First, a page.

Texas official flashes badge during traffic stop… but he’s not a cop

Body camera video from an August 14, 2018 traffic stop by a Huntsville, Texas police officer shows a senior official from the Texas Alcoholic Beverage Commission flashing a badge and identifying himself as a deputy executive director of the state’s third largest law enforcement agency… even though he is not a law enforcement officer himself.

Dennis Beal is TABC’s deputy executive director of business & revenue operations, but according to records from the Texas Commission on Law Enforcement, he has never been licensed as a peace officer in Texas.

Dennis Beal, Deputy Executive Director
Texas Alcoholic Beverage Commission

Shortly after the one-minute mark in the three-minute video, Mr. Beal displays a badge and agency credentials and states that he does not have liability insurance because he is driving a state vehicle. He also explains to the officer that he lives in Huntsville but works in Austin, and he is driving home after a meeting. He was released with a warning.

I emailed TABC spokesman Chris Porter to ask “why TABC issues badges to civilian employees and whether TABC has any policy governing the use of badges and credentials by civilian employees, particularly during traffic stops.” Here is his response:

TABC previously made it a practice to issue gold identification badges to its senior leadership, which includes Commissioners, the Executive Director and Deputy Executive Directors. These badges identify the bearer as an employee of the Texas Alcoholic Beverage Commission and are distinct from the badges carried by commissioned peace officers. The badge includes the bearer’s job title as well as the badge number. The badge does not identify civilian employees as commissioned peace officers, nor does it grant any privileges normally afforded to peace officers.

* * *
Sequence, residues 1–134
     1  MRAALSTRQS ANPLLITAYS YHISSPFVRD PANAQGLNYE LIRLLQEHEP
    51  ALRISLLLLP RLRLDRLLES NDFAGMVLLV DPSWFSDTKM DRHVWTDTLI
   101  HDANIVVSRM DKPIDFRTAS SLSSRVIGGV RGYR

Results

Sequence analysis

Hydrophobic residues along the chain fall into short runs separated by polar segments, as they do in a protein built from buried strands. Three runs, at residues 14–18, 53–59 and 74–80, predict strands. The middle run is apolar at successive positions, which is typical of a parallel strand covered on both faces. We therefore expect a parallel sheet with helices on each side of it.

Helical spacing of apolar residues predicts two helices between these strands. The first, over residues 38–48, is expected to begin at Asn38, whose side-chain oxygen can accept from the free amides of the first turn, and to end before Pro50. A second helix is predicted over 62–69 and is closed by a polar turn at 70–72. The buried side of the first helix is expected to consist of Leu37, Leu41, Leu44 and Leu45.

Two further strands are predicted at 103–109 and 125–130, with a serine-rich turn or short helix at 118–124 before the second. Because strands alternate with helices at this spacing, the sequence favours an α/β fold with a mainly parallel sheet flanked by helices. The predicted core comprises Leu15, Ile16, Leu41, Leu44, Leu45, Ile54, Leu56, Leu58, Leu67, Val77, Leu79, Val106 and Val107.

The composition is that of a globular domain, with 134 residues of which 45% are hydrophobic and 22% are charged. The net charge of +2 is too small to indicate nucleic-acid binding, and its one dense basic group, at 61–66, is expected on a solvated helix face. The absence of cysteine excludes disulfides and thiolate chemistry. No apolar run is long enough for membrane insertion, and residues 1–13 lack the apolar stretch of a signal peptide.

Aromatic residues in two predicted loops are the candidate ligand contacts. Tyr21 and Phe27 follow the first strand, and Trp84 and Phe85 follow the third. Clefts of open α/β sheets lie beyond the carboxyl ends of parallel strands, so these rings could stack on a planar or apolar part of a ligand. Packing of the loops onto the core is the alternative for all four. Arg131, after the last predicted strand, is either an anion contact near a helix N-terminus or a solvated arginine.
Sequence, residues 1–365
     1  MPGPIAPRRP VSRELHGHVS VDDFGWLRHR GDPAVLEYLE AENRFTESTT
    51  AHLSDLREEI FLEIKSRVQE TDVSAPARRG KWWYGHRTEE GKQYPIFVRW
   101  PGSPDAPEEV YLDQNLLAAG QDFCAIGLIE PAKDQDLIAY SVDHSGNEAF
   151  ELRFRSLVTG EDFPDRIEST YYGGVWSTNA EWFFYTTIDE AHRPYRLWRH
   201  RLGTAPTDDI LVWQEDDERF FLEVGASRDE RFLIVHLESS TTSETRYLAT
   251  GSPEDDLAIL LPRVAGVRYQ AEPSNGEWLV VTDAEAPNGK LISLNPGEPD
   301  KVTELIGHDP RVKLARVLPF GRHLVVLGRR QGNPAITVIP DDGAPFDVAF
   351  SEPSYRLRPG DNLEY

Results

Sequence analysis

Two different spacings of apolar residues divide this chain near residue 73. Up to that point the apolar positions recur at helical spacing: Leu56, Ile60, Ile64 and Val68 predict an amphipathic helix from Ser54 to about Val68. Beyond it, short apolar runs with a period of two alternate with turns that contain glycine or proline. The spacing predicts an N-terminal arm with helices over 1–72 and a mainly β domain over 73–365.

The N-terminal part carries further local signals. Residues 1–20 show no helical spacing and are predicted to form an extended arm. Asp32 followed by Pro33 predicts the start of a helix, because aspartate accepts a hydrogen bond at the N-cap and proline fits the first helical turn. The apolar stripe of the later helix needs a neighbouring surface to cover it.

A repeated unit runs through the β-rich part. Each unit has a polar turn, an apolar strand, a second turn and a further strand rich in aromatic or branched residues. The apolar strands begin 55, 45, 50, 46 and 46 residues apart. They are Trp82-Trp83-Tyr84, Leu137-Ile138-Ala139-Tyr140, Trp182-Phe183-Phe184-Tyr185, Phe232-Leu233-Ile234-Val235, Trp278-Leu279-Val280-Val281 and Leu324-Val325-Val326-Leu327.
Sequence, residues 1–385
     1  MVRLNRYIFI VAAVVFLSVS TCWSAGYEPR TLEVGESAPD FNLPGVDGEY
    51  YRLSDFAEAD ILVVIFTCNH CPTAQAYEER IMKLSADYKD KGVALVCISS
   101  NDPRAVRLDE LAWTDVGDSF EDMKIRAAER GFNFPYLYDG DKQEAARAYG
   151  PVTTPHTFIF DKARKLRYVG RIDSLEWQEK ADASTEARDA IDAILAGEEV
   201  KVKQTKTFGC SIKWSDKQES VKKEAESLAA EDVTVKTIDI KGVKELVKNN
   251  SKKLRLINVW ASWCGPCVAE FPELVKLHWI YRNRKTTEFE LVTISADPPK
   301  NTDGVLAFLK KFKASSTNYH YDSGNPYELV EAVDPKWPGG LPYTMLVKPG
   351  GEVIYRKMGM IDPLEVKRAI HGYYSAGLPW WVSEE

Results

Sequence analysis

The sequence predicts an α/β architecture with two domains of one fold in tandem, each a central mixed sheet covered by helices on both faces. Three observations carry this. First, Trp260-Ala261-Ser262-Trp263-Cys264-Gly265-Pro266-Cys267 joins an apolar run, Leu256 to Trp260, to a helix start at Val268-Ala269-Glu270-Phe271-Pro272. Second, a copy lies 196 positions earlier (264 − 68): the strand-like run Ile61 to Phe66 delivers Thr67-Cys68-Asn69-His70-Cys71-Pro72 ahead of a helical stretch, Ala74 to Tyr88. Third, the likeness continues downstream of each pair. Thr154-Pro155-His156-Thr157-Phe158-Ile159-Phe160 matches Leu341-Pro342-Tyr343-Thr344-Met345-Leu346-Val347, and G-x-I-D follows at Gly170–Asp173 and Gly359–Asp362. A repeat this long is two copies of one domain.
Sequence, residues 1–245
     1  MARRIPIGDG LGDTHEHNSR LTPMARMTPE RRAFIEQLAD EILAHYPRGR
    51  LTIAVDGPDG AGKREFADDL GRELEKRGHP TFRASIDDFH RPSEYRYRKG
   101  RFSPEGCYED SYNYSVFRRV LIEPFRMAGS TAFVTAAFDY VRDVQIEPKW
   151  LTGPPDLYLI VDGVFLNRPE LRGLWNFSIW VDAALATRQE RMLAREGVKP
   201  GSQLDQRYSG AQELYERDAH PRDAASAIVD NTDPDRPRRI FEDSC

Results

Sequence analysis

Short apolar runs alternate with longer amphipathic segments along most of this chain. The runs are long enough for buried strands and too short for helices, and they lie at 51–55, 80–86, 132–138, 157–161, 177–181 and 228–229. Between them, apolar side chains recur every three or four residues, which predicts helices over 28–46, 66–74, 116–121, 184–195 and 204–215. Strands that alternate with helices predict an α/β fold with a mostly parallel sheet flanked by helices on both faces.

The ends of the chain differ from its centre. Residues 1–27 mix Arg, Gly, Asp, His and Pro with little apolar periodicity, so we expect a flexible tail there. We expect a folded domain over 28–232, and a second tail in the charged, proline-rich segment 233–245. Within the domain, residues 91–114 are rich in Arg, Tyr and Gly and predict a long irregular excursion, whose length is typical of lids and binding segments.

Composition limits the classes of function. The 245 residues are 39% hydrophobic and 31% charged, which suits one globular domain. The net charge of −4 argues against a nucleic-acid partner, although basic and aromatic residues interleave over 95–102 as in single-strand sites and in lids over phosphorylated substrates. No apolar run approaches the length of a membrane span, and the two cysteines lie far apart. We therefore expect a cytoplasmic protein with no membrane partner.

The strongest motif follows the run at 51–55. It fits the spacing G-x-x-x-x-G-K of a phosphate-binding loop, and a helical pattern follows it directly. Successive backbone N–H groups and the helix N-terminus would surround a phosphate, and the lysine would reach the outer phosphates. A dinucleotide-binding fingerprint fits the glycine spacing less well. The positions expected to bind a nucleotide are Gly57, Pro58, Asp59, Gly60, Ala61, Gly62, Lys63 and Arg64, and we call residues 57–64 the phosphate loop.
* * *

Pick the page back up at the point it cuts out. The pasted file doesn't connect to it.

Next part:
The latter sentence sounds like hair-splitting to me. If I had stopped Mr. Beal back when I was a deputy sheriff, and he flashed his badge and credentials as a deputy executive director of TABC, I would have reasonably assumed that he was a cop. I’m not saying TABC’s policy is unique, because the Houston Police Department once issued badges to spouses of HPD officers (and maybe it still does), but it all seems a little shady to me. [Continued on page 2].

DPS releases report about demoted Texas Ranger

This afternoon the Texas Department of Public Safety released internal records about the demotion of former Texas Ranger Brent Davis of Tyler, and the records don’t paint a pretty picture.

According to an August 11, 2017 affidavit from Mr. Davis, he began having an affair with Faezeh Horaney, widow of murder victim Ron Horaney, after he was assigned to investigate Mr. Horaney’s murder. The affidavit states that the affair came to light only because Mrs. Horaney’s children discovered her explicit text messages with the ranger: